# [EM] uses of truncation

Dave Ketchum davek at clarityconnect.com
Tue Mar 20 03:00:59 PDT 2007

```On Tue, 20 Mar 2007 00:25:27 -0400 Abd ul-Rahman Lomax wrote:
> At 03:20 AM 3/17/2007, Dave Ketchum wrote:
>
>>Offer me true Approval - the one that differs from Plurality only in
>>permitting over votes - and we have something understandable and,
>>occasionally, useful.
>
>
> This is true Approval. What else would it be?

Some, such as Mr. Lomax, have applied the label, Approval, to something
else, of which the above is a subset.
>
> (Ballot design may vary, but the essence is that you may vote for one
> or more candidates, and the candidate with the most votes wins.
>
>
>>Offer me Range and we are, presumably into something else:
>>     I need to understand its abilities and method of invocation,
>>to decide if I wish to use such.
>
>
> Sure. There are variables, and Range advocates are not unanimous
> about the best method of implementation. The basic idea is simple:
> voters may assign a score or rating in a range of allowable scores.
> It is generally assumed that this range is linear and integral, i.e.,
> the scores are of the form of N, N+1, N+2, ..., R-1, where the method
> is Range R, and N is often assumed to be zero. Thus Approval is Range 2.
>
> There are two methods of determining the overall score for
> candidates: summation and averaging. If everyone assigns a score to
> every candidate, summation and averaging provide the same relative
> results. However, because Range can be implemented on standard voting
> equipment, as if each candidate were a race (i.e., a multiple choice
> list), it is possible to amalgamate the scores by averaging.

I lose interest, QUICKLY, if asked to rate every candidate, so I would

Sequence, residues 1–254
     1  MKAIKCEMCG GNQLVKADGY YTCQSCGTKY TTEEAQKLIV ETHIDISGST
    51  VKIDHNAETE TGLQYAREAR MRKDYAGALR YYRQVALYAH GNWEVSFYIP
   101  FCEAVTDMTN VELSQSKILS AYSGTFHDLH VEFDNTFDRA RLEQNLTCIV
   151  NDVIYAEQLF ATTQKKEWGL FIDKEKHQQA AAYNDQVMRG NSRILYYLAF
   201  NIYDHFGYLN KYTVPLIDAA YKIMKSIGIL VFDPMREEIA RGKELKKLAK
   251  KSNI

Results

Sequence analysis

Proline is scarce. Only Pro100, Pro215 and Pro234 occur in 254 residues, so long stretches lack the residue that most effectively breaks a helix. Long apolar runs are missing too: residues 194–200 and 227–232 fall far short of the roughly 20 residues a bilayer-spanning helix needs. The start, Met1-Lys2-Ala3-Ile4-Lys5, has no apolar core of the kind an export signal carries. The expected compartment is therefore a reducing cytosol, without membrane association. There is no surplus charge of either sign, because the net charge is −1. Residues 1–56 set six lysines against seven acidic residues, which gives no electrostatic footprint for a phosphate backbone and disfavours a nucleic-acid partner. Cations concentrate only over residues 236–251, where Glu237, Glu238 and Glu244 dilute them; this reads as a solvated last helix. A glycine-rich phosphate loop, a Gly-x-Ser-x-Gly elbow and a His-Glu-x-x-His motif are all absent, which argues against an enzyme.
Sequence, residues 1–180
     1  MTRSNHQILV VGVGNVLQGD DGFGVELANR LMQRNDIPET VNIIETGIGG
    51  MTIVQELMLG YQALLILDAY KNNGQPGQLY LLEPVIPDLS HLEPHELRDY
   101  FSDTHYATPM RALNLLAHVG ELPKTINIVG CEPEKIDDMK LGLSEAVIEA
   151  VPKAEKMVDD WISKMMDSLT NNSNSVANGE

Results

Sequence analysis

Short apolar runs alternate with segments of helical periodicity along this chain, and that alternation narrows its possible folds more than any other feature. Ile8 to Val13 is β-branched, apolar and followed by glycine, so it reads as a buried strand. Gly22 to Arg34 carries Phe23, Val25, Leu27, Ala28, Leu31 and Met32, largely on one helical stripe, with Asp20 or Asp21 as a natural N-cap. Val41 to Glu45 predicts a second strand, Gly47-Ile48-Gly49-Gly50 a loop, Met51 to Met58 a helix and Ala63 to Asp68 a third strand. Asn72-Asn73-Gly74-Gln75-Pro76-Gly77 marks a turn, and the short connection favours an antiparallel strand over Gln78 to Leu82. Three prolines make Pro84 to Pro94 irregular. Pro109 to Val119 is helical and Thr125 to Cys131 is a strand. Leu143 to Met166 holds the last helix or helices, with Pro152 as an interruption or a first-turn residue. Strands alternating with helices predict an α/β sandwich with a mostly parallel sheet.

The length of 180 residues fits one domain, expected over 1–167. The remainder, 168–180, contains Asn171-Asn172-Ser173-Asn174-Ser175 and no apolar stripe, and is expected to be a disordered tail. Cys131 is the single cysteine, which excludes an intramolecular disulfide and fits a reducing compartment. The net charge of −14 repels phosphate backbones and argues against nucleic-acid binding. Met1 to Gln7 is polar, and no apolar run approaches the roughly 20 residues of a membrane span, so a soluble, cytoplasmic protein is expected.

hope to be offered summation.

...
>
>>     My desires often remain with Plurality.  Is there a way to
>>express that thought under Range?  Do I have the same power that I
>>would have under Plurality or Approval?
>
>
> Yes, you have the same power. Just vote max rating for one candidate.
> If it is summation Range, you are done. If it is average Range, then
> you may have to rate all candidates or lose voting power. Range
> advocates generally do seem to want to provide a means that voters
> can indicate something like "Treat my blanks as zero rating," or they
> will add an Abstain option. If you don't check the Abstain option,
> you have voted a zero rating.
>
...
>
>>Point is that you complicate life for me, i.m.voter.  You claim to
>>offer value for the cost - something to debate another day.
>
...
>
> More likely, I think, voters will vote min for anyone you consider a
> truly bad choice for the office. And they will certainly vote max for
> their favorite, and maybe, under some conditions, for another --
> typically the favorite among the top two -- and then some
> intermediate votes for candidates that the voter wishes to express
> some support for.
>
> It's not completely clear how voters will choose to vote. However,
> what is clear is that the only way that Range makes it more
> complicated is if a voter chooses to use intermediate ratings. Voter
> education should include the understanding that it is not at all
> obligatory to use these.

I see enough above for days when my desires run to Plurality or Approval.

Here intermediate values get mentioned, but it is a puzzle as to the smart
way to decide on values for such that will give me the advantage that
Range CLAIMS to offer.
>
...
--
davek at clarityconnect.com    people.clarityconnect.com/webpages3/davek
Dave Ketchum   108 Halstead Ave, Owego, NY  13827-1708   607-687-5026
Do to no one what you would not want done to you.
If you want peace, work for justice.

```